mark tester

The hunt for high salt tolerant barley crops gets closer

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Soil salinity severely impacts crop growth and yield. Within minutes of exposure to salt, cell expansion, leaf expansion, photosynthesis, transpiration and tillering are reduced. When salts accumulate to toxic concentrations in the shoot, especially in older leaves, a secondary inhibition of growth occurs through damage to the plant’s metabolism and ion imbalances. These effects occur weeks to months following salt application.

Plants have evolved numerous mechanisms to detect and respond to the effects of salt stress including a range of signal transduction mechanisms. However, investigating the maintenance of growth under salt stress has been limited by the lack of techniques that allow nondestructive measurements of plant growth through time. The resources and technologies now exist to phenotype many genotypes and identify those with high shoot ion-independent and shoot ion-dependent tolerance under greenhouse conditions.

Barley is one of the more salt-tolerant crops, able to grow in higher concentrations of salt than wheat, rice or maize. However, the growth of barley is still significantly affected by salinity. A better understanding of the genetic variation for salinity tolerance mechanisms within barley cultivars is required for future breeding improvement.

In a study by Stuart Roy and his international collaborators, nondestructive and destructive measurements are used to evaluate the responses of 24 predominately Australian barley (Hordeum vulgare L.) lines at 0, 150 and 250 mM NaCl. Considerable variation for shoot tolerance mechanisms not related to ion toxicity (shoot ion-independent tolerance) was found, with some lines being able to maintain substantial growth rates under salt stress, whereas others stopped growing. Hordeum vulgare spp. spontaneum accessions and barley landraces predominantly had the best shoot ion independent tolerance, although two commercial cultivars, Fathom and Skiff, also had high tolerance. The tolerance of cv. Fathom may be caused by a recent introgression from H. vulgare L. spp. spontaneum.

This study shows that the most salt-tolerant barley lines are those that contain both shoot ion-independent tolerance and the ability to exclude Na+ from the shoot (and thus maintain high K+:Na+ ratios).

Read the full paper, ‘Variation in shoot tolerance mechanisms not related to ion toxicity in barley’, here (Functional Plant Biologyhttps://doi.org/10.1071/FP17049).

To find out how the Australian Plant Phenomics Facility can help facilitate your plant science research visit our website.

Taking the kinks out of curves

In a recent paper, researchers have developed a methodology suitable for analyzing the growth curves of a large number of plants from multiple families. The corrected curves accurately account for the spatial and temporal variations among plants that are inherent to high-throughput experiments.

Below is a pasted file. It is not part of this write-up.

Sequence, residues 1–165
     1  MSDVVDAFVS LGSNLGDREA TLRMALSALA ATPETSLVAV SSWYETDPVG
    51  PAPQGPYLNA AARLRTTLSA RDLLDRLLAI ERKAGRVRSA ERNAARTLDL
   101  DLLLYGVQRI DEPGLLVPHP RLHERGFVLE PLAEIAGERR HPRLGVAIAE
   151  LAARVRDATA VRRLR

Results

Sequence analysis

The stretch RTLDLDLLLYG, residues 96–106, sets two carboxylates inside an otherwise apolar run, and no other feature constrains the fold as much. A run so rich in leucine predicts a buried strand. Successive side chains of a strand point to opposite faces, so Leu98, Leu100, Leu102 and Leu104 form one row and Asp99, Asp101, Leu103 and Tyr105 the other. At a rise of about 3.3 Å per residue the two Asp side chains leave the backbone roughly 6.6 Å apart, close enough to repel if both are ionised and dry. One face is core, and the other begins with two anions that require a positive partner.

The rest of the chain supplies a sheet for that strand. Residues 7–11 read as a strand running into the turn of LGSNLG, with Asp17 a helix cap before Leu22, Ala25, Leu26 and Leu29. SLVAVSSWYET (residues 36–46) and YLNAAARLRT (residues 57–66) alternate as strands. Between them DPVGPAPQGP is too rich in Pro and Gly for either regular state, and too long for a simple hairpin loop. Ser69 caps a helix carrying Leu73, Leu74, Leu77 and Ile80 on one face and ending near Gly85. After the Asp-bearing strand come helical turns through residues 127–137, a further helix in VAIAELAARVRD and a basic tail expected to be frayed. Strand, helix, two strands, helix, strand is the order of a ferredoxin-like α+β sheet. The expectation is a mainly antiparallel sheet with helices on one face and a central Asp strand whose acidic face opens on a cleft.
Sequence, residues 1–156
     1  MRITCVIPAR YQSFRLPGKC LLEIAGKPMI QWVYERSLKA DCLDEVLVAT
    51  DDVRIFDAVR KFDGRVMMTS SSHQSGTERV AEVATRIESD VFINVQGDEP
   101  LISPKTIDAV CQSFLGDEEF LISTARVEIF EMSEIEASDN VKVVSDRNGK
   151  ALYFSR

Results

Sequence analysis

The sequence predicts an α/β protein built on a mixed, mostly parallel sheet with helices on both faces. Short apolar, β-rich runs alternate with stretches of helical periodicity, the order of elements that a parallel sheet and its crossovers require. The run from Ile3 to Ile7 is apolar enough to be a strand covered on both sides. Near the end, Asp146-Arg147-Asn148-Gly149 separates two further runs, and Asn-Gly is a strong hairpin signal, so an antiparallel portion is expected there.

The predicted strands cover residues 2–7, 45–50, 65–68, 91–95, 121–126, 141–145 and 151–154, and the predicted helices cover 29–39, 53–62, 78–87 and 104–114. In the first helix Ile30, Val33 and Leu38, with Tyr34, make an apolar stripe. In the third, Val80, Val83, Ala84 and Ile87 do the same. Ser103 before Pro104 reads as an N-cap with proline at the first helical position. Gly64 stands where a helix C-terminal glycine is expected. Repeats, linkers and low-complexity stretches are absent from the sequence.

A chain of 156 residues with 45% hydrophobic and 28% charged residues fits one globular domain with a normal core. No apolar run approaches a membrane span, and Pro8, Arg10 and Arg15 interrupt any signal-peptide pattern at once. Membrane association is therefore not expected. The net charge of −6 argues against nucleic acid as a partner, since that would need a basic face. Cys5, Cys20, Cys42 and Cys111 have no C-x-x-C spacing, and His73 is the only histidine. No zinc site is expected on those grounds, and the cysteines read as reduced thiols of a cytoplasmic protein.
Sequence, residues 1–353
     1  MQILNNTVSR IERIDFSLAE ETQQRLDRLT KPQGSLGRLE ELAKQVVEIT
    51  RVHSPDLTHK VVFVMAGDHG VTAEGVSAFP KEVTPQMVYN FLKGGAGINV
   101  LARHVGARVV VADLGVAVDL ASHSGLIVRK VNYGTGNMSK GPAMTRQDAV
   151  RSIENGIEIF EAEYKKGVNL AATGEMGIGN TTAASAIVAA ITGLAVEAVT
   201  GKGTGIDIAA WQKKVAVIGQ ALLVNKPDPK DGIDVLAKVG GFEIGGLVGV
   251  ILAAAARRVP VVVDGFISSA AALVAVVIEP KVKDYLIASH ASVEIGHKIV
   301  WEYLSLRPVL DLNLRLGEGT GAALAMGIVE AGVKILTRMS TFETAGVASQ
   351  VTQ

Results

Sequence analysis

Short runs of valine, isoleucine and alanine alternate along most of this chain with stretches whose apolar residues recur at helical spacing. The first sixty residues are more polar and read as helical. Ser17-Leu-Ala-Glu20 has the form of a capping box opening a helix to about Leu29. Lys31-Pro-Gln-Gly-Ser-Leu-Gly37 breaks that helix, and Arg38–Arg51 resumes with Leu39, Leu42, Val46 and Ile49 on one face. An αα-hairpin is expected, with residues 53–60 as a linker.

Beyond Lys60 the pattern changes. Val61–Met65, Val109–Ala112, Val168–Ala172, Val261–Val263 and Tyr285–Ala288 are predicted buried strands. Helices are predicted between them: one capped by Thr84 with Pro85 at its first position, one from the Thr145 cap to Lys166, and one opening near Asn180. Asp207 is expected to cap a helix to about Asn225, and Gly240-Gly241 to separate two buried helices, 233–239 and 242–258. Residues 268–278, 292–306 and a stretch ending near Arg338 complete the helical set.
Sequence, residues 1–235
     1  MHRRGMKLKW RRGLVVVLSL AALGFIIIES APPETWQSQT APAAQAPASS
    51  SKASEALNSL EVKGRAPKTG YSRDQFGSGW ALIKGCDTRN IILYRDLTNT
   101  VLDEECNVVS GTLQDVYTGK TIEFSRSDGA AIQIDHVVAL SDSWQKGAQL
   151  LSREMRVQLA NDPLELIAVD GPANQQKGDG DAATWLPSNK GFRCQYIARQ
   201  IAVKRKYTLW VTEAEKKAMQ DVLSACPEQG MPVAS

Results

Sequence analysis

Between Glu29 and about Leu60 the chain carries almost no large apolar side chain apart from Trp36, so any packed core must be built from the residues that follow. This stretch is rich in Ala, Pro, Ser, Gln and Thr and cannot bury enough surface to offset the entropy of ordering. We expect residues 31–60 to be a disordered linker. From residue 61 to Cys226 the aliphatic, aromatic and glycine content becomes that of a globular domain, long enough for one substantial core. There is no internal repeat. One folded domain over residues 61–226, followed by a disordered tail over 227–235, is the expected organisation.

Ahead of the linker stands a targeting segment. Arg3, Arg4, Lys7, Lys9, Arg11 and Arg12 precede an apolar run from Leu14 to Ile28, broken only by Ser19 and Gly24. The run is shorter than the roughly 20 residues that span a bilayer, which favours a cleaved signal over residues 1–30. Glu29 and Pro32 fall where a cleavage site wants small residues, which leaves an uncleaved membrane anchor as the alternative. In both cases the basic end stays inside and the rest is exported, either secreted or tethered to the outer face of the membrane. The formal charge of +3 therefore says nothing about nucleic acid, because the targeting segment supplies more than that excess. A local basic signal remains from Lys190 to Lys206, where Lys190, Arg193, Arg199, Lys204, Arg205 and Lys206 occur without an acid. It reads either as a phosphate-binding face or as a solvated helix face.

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An example of curve registration.  a The salinity sensitivity (SS) curves of the 16 functions from an arbitrary family, b SS curves after the curve registration, and c the corresponding time-warping functions. The salinity sensitivity on the y-axis of a and b refers to the derivative of the relative decrease in plant biomass

 

Advanced high-throughput technologies and equipment allow the collection of large and reliable data sets related to plant growth. These data sets allow us to explore salt tolerance in plants with sophisticated statistical tools.

As agricultural soils become more saline, analysis of salinity tolerance in plants is necessary for our understanding of plant growth and crop productivity under saline conditions. Generally, high salinity has a negative effect on plant growth, causing decreases in productivity.  The response of plants to soil salinity is dynamic, therefore requiring the analysis of growth over time to identify lines with beneficial traits.

In this paper the researchers, led by KAUST and including Dr Bettina Berger and Dr Chris Brien from the Australian Plant Phenomics Facility (APPF), use a functional data analysis approach to study the effects of salinity on growth patterns of barley grown in the high-throughput phenotyping platform at the APPF. The method presented is suitable to reduce the noise in large-scale data sets and thereby increases the precision with which salinity tolerance can be measured.

Read the full paper, “Growth curve registration for evaluating salinity tolerance in barley” (DOI: 10.1186/s13007-017-0165-7) here.

Find out how the Australian Plant Phenomics Facility can support your plant science research here.

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High-throughput phenotyping in the Smarthouse™ at the Adelaide node of the APPF

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Barley plants growing in the Smarthouse™

 

 

A better way to tackle environmental variation in your greenhouse research

Statistics prove the smart way to deal with variation in your controlled environment greenhouse.

Plant phenomics allows the measurement of plant growth with unprecedented precision. As a result, the question of how to account for the influence of environmental variation across the greenhouse has gained attention.

Controlled environment greenhouses offer plant scientists the ability to better understand the genetic elements of specific plant traits by reducing the environmental variances in the interaction between genetics and environment.